hippieonthegrid

Simple, Logical, Natural Living

Happy New Year December 31, 2012

2012? BUH-bye! Good riddance! I am thrilled to be done with this year and usher in a whole new year. For all I have been through this year – haven’t we all been through so much this year? – I hope 2013 is a kinder and gentler time span. That being said, there is something to say about making real resolutions to help ourselves have a good year.

  1. Be kinder to ourselves. We deserve it. That means letting ourselves off the hook every now and then, not being so hard on ourselves, and taking care of ourselves mentally, physically, and spiritually (and stop ignoring spirituality. It does matter.)
  2. Be kinder to others. They deserve it. Just like for ourselves, let others off the hook now and then. I used to live by a motto that you never know what someone is going through. I plan to re-adopt that motto this year.
  3. Take responsibility and stop laying blame. I think we have all learned some lessons about blame this year. Everyone blamed Republicans or Democrats for the state of the nation. People incorrectly blamed an intellectual disability (Asperger’s) for the killings in Connecticut. What really caused all of it? People. It’s time for people to take responsibility for their actions. Maybe if we all practiced #2 (be kinder to others) we can stave off events that make us blame to begin with and make fewer people do the wrong things.
  4. Do something new or learn a new skill. One way we can improve ourselves is by taking initiative. One way you can become who you want to be is by figuring out who you really are. How do you know you’re not into playing an instrument unless you learn to play a song on the piano? You just might discover a few new things about yourself.

At least for me, I think those ideas may help me make a difference in my life and the lives of others. Welcome 2013. Happy New Year and be safe!

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Being Thankful August 19, 2012

I haven’t posted in a little while. Usually when I think about posting I’m thinking of something I’m attempting in the kitchen, how my garden is doing, or some book I’m reading that I’m really into. This past week felt like a month though. My family had terrible news that we lost a young family member and even worse, to violence. Violence doesn’t happen in our family, illness and accidents do, but violence? No. So it’s been a tough week with circumstances ridiculously difficult to fathom. But I’ve learned a lot, I realize I take so much for granted, forgetting that for some, tomorrow just might not come. It sounds sad, it is sad, but then there’s the other side of it. My cousin is in heaven and doesn’t need to worry about all the silly stuff we worry about here. He’s taught me a lot this week. First, that even in death you can give life: my cousin’s organs immediately went to several people waiting for more time with their family. He also taught me that sometimes we are so caught up in worry about silly things that we forget to be thankful for what we do have. I woke up this morning for the first time in a week feeling ok, even a little happy because we learned justice will be served. But, most of all, I took a few minutes to enjoy things I sometimes let pass me by as mundane: how the room was just a tad chilly but under the covers was perfect. I relished the warm, precious dog who curled up next to me and looked at me like I am the best person in the world. I took in every moment of comfort and happiness I feel having my loving, doting, protective husband sleeping by my side. So I guess today’s post is a public service announcement of sorts: don’t sweat the small things that really don’t matter and remember to enjoy the small stuff that means everything.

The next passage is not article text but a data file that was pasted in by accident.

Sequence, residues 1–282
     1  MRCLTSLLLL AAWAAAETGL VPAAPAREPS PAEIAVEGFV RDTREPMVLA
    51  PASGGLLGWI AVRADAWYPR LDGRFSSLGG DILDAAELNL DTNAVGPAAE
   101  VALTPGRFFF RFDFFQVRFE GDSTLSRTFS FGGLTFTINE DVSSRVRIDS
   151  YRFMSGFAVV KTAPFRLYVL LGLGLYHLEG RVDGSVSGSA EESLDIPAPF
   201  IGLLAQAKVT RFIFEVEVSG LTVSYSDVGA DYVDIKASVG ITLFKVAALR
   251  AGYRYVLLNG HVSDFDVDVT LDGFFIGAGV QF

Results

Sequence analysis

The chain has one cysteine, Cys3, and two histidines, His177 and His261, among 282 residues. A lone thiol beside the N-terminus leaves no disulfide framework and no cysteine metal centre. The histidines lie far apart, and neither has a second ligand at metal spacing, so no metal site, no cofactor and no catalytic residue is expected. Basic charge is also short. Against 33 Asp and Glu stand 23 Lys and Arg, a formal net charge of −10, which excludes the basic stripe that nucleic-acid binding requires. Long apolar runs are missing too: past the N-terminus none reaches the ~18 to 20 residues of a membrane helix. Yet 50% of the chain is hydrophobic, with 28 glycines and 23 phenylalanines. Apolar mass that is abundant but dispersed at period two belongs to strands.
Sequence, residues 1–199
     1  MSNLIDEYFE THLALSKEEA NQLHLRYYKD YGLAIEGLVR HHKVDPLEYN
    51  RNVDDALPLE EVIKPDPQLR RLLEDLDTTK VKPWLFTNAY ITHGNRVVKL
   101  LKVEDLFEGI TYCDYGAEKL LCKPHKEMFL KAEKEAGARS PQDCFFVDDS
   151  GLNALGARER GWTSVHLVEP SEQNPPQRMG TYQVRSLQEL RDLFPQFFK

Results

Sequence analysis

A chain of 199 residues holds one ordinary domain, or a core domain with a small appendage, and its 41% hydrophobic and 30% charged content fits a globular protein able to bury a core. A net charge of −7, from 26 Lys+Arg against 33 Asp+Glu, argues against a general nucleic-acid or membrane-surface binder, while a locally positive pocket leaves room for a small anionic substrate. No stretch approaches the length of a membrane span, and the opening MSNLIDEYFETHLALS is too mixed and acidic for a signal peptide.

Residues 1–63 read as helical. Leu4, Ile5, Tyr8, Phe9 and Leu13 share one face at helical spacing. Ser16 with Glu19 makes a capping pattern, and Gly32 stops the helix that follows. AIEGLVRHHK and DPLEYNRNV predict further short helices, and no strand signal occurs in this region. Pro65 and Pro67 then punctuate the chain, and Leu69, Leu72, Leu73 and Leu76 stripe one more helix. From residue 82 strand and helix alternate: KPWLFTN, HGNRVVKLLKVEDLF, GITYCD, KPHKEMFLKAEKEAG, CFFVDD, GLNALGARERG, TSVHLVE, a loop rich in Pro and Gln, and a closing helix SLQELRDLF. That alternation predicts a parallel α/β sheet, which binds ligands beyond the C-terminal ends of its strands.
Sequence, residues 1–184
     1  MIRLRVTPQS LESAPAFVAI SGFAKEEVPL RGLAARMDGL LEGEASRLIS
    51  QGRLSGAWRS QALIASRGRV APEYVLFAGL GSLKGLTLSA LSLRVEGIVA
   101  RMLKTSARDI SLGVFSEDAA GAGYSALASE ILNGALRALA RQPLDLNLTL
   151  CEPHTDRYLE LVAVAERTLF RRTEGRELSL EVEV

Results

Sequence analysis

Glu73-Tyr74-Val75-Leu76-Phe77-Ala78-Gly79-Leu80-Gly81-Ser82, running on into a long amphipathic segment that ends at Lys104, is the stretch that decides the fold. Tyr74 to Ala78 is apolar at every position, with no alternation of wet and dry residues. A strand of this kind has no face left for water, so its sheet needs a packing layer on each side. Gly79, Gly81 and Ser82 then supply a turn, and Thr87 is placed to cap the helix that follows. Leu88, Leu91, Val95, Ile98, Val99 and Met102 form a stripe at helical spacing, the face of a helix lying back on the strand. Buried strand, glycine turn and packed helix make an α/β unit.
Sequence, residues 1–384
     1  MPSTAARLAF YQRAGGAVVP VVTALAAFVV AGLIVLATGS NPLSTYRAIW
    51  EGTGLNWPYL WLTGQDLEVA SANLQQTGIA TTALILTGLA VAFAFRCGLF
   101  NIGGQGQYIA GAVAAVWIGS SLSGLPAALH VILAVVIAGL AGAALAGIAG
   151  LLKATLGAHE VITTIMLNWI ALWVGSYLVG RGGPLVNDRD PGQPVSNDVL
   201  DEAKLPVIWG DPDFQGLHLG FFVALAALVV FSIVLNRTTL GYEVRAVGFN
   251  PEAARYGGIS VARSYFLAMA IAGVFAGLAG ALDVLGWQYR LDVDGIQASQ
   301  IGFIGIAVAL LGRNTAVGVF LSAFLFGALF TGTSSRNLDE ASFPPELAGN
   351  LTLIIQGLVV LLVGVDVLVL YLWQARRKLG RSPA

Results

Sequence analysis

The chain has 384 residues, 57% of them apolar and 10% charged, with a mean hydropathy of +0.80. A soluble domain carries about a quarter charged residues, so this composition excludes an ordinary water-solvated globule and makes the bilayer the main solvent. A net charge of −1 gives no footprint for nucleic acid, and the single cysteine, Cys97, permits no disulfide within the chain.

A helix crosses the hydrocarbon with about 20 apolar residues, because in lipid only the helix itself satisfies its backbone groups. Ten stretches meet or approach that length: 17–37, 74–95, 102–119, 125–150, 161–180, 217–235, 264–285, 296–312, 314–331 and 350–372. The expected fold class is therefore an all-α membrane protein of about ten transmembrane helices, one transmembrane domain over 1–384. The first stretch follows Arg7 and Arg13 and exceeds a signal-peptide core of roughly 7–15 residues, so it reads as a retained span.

What Vacation Teaches Us July 15, 2012

RelaxationSo I took a week-long vacation last week, a vacation my husband and I have been planning for about 8 months. This vacation has been my light at the end of the tunnel and of course, I am suffering the grief and loss that I usually encounter when vacations are over. I hadn’t realized just how much I really needed this one. A week at the beach was so necessary that I wonder if I hadn’t gone, how crazy would I be right now? I took time for myself and time for my husband and I to be a couple as well as friends instead of the strange, robotic routine animatrons we tend to become at home over time. I also learned something – when left to our devices, without the stress of expectations, we can all get a really good look at who we really are. I realized something, I realized I am very little like that person I “become” in the daily work week. I am much more fun, happy, kind, and active. I like “vacation me” better. I’m also pretty sure other people like “vacation me” better too. I somehow have to try to let “vacation me” become “daily me” and I think I would be happier and healthier. I say it after every vacation though but this one is different (do I say that after every vacation too?) Regardless, vacations happen for a reason and instead of banking vacation time for the money or impression it might make on our superiors, take it. Take vacation, learn who you are, grieve when it’s over, and come home to the routine with a new set of eyes.

 

 
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